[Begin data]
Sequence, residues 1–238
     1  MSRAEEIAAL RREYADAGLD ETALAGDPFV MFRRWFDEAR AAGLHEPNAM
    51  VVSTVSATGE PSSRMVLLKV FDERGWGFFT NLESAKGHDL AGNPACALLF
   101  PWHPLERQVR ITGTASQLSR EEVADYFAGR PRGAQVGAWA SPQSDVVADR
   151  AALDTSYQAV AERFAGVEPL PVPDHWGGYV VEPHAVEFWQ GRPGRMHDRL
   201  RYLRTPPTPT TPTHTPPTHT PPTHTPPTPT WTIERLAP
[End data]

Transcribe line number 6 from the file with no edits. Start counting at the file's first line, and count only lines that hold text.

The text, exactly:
   201  RYLRTPPTPT TPTHTPPTHT PPTHTPPTPT WTIERLAP